To me, there is even a more serious impact of our all too common identity crisis. To me, the most serious impact of our all-to-common identity crisis is spiritual. Becoming a Christian is a redefinition of who I am and the purpose of my life.

My I call your attention to I Peter 2:11-17? Read with me.
Beloved, I urge you as aliens and strangers to abstain from fleshly lusts which wage war against the soul. Keep your behavior excellent among the Gentiles, so that in the thing in which they slander you as evildoers, they may because of your good deeds, as they observe them, glorify God in the day of visitation. Submit yourselves for the Lord's sake to every human institution, whether to a king as the one in authority, or to governors as sent by him for the punishment of evildoers and the praise of those who do right. For such is the will of God that by doing right you may silence the ignorance of foolish men. Act as free men, and do not use your freedom as a covering for evil, but use it as bondslaves of God. Honor all people, love the brotherhood, fear God, honor the king.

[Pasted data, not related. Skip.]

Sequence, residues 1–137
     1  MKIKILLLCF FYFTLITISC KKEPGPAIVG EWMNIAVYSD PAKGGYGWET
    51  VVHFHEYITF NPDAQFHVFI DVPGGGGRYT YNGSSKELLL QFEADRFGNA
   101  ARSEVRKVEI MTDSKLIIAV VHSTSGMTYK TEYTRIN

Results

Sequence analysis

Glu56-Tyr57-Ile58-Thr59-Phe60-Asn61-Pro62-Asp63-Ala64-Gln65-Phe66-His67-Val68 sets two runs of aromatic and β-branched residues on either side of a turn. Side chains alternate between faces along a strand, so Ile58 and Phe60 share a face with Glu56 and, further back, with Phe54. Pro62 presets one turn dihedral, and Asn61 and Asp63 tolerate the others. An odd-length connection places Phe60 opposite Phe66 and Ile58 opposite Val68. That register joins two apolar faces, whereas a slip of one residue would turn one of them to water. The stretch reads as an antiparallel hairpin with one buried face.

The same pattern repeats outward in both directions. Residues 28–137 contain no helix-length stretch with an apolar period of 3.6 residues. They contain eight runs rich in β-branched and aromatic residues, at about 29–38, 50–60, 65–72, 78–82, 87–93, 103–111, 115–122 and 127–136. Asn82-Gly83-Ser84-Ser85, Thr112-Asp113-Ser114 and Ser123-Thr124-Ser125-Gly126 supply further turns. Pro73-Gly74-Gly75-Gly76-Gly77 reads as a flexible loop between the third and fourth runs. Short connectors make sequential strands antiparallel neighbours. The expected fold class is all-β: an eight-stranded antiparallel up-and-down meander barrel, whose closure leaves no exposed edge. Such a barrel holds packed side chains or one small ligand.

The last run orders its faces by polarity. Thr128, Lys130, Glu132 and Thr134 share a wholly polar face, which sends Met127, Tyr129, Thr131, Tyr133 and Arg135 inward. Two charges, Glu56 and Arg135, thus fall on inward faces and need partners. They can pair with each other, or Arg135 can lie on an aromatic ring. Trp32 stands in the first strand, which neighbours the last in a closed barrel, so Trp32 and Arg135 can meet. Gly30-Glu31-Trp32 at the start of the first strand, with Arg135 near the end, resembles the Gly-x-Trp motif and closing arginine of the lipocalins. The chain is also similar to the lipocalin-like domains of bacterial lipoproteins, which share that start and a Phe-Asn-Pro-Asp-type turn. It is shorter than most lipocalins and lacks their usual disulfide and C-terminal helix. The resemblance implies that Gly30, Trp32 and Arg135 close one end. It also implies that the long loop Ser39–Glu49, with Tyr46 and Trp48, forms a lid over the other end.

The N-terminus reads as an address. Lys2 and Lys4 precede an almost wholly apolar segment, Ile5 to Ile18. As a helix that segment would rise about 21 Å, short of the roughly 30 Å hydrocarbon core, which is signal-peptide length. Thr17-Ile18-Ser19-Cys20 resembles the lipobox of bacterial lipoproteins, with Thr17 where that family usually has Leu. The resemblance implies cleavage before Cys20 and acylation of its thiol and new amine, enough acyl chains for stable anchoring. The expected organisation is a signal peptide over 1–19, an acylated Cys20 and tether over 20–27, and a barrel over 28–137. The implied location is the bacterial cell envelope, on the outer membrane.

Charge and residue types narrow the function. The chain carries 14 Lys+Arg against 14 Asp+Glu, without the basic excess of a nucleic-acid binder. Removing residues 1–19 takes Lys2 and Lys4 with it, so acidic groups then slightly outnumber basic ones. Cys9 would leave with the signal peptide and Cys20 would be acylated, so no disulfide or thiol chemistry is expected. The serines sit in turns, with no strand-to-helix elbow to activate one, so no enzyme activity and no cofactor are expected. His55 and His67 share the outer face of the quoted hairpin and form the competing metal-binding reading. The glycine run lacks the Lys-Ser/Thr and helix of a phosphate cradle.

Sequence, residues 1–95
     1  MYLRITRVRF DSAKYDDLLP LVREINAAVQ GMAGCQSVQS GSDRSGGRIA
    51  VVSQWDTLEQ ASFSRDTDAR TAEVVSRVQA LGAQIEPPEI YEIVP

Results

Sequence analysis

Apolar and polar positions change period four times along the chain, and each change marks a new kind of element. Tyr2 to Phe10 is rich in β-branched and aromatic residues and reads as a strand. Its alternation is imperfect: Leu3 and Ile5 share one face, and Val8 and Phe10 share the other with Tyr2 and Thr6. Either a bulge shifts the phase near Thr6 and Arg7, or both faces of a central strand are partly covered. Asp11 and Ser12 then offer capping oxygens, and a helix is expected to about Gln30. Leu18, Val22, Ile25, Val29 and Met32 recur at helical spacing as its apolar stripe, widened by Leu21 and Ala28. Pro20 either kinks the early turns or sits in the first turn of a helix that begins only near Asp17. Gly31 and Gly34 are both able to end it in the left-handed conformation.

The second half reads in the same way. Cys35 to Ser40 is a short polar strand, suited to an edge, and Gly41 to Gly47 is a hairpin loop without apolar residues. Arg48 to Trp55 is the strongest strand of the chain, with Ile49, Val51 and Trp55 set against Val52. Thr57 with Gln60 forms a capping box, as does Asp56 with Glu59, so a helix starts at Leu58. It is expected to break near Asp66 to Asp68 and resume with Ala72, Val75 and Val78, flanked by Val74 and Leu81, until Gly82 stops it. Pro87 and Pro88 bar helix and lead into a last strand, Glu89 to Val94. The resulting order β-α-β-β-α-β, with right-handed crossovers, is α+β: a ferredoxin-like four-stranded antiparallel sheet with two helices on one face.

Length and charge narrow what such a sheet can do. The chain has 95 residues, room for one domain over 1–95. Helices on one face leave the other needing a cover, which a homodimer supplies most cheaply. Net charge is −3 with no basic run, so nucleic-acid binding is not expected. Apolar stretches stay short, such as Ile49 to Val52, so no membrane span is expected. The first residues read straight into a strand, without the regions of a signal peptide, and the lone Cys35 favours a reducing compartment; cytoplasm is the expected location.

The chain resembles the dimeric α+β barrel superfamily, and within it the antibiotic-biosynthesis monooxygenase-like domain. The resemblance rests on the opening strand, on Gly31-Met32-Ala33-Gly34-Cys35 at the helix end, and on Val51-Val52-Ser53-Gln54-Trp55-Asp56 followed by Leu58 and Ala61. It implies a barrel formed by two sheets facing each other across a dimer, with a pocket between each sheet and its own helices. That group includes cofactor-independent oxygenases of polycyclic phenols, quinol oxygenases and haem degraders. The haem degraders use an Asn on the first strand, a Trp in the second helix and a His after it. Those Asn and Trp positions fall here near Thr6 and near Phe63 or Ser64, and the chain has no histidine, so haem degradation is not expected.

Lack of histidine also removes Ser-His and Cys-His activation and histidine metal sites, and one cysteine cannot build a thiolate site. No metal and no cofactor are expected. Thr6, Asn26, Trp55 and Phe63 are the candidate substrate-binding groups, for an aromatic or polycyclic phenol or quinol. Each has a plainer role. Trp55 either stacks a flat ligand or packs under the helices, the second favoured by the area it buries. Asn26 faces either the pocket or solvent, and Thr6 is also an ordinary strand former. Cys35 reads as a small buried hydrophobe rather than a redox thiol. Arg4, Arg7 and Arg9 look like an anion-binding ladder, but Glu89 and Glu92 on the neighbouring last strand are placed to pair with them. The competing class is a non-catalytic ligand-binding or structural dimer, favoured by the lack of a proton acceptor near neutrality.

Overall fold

1. The first thing we must understand is that today's life and the American society is radically different to the everyday society and world the people of the first century lived in.
    1. Most of us have no concept of what it is like to exist in a society where there are no human rights.
      1. Allow me to share with you three examples.
      2. I once lived in a country where everything operated on the "gift" system.
        1. As an illustration, take acquiring a driver's license.
        2. To receive the form on which you made application for a driver's license, you had to give a gift of money to the person who controlled the forms.
        3. When you completed the application, you had to give a gift of money to the person who received the completed forms.